The Jólasveinar, or Yule Lads, are 13 Icelandic trolls, who each have a name and distinct personality. In ancient times, they stole things and caused trouble around Christmastime, so they were used to scare children into behaving, like the Yule Cat. However, the 20th century brought tales of the benevolent Norwegian figure Julenisse (Santa Claus), who brought gifts to good children. The traditions became mingled, until the formerly devilish Jólasveinar became kind enough to leave gifts in shoes that children leave out ... if they are good boys and girls. 


All the Yule Lads answer to Grýla, their mother. She predates the Yule Lads in Icelandic legend as the ogress who kidnaps, cooks, and eats children who don't obey their parents. She only became associated with Christmas in the 17th century, when she was assigned to be the mother of the Yule Lads. According to legend, Grýla had three different husbands and 72 children, all who caused trouble ranging from harmless mischief to murder. As if the household wasn't crowded enough, the Yule Cat also lives with Grýla. This ogress is so much of a troublemaker that The Onion blamed her for the 2010 eruption of the Eyjafjallajökull volcano.

A version of this post originally ran in 2013. See also: more Legendary Monsters

Keystone/Getty Images
84 Years Ago Today: Goodbye Prohibition!
A huge queue outside the Board of Health offices in Centre Street, New York, for licenses to sell alcohol shortly after the repeal of prohibition. The repeal of prohibition was a key policy of Franklin Roosevelt's government as it allowed the government an opportunity to raise tax revenues at a time of economic hardship.
A huge queue outside the Board of Health offices in Centre Street, New York, for licenses to sell alcohol shortly after the repeal of prohibition. The repeal of prohibition was a key policy of Franklin Roosevelt's government as it allowed the government an opportunity to raise tax revenues at a time of economic hardship.
Keystone/Getty Images

It was 84 years ago today that the Twenty-First Amendment to the Constitution was ratified, repealing the earlier Amendment that declared the manufacture, sale, and transport of alcohol illegal in the United States. Prohibition was over! Booze that had been illegal for 13 years was suddenly legal again, and our long national nightmare was finally over.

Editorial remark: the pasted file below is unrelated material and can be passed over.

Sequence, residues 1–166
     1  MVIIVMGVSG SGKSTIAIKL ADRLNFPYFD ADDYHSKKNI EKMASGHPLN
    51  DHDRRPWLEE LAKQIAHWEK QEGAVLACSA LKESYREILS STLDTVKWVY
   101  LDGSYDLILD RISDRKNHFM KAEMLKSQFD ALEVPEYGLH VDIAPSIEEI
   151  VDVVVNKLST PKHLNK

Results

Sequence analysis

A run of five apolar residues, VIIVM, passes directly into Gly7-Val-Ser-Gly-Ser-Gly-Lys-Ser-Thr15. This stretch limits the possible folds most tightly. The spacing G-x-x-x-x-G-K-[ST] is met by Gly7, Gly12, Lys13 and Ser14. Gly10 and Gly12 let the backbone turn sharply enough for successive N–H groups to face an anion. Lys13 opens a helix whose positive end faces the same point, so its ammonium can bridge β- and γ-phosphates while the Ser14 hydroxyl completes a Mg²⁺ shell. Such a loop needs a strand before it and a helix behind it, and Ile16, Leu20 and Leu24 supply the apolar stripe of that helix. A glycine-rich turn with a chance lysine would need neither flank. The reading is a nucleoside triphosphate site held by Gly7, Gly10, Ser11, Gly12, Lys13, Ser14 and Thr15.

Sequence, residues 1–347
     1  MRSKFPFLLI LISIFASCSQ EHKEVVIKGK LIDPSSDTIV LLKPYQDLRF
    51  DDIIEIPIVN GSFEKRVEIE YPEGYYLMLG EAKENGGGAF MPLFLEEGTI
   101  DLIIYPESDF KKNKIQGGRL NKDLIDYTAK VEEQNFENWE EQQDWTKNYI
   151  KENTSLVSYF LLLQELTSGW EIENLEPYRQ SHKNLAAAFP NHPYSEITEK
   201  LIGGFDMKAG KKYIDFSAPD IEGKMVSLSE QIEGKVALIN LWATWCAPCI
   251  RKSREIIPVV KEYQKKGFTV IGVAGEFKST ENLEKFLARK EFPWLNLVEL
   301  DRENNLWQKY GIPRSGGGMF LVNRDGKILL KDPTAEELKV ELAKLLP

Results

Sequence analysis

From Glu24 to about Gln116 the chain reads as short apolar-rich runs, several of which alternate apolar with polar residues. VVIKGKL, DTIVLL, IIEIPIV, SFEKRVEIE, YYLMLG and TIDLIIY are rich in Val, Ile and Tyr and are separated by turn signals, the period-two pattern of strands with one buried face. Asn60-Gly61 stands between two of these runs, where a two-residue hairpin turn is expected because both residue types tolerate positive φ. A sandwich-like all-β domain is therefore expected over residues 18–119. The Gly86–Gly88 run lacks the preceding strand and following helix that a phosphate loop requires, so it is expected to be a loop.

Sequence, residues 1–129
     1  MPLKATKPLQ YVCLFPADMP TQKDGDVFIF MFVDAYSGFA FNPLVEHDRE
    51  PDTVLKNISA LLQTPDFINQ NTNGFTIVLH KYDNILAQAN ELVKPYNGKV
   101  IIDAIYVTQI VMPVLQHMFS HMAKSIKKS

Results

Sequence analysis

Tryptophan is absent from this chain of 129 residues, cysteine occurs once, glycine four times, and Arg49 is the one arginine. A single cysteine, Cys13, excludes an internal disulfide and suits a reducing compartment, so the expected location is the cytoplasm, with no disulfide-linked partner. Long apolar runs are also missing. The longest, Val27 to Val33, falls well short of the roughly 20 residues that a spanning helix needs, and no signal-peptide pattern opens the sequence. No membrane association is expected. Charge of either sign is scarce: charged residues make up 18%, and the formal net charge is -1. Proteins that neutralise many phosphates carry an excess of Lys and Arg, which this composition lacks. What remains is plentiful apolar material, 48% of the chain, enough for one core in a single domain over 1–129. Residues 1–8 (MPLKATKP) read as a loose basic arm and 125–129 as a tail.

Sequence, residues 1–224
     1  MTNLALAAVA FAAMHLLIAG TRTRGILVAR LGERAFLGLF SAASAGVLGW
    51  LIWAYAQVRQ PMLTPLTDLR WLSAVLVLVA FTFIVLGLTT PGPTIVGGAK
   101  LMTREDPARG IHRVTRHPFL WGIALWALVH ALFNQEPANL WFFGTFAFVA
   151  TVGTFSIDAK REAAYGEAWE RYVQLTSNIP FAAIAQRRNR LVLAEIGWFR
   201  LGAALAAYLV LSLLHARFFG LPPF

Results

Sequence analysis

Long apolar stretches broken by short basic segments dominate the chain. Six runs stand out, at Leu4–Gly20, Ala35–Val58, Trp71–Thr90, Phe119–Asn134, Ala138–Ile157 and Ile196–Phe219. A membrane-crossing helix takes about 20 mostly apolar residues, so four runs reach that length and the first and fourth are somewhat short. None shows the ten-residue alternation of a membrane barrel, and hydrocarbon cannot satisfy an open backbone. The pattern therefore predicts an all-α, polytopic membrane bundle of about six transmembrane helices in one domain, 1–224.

A giant barrel of beer, part of a demonstration against prohibition in America.
Henry Guttmann/Getty Images

Prohibition of alcohol was not a popular doctrine. It turned formerly law-abiding citizens into criminals. It overwhelmed police with enforcement duties and gave rise to organized crime. In cities like Milwaukee and St. Louis, the dismantling of breweries left thousands of people unemployed.

Photograph courtesy of the Boston Public Library

Homemade alcohol was often dangerous and some people died from drinking it. Some turned to Sterno or industrial alcohol, which was dangerous and sometimes poisoned by the government to discourage drinking. State and federal governments were spending a lot of money on enforcement, while missing out on taxes from alcohol.

New York City Deputy Police Commissioner John A. Leach (right) watches agents pour liquor into sewer following a raid during the height of Prohibition.

The midterm elections of 1930 saw the majority in Congress switch from Republican to Democratic, signaling a shift in public opinion about Prohibition as well as concerns about the depressed economy. Franklin Roosevelt, who urged repeal, was elected president in 1932. The Twenty-first Amendment to the Constitution was proposed by Congress in February of 1933, the sole purpose of which was to repeal the Eighteenth Amendment establishing Prohibition.

American men guarding their private beer brewing hide-out, during Prohibition.
Keystone/Getty Images

With passage of the Constitutional Amendment to repeal Prohibition a foregone conclusion, a huge number of businessmen lined up at the Board of Health offices in New York in April of 1933 to apply for liquor licenses to be issued as soon as the repeal was ratified.

The Amendment was ratified by the states by the mechanism of special state ratifying conventions instead of state legislatures. Many states ratified the repeal as soon as conventions could be organized. The ratifications by the required two-thirds of the states was achieved on December 5, 1933, when conventions in Ohio, Pennsylvania, and Utah agreed to repeal Prohibition through the Amendment.

Workmen unloading crates of beer stacked at a New York brewery shortly after the repeal of Prohibition.
Keystone/Getty Images

A brewery warehouse in New York stacked crates past the ceiling to satisfy a thirsty nation after the repeal of Prohibition.

Keystone/Getty Images

Liquor wouldn't officially be legal until December 15th, but Americans celebrated openly anyway, and in most places, law enforcement officials let them.


More from mental floss studios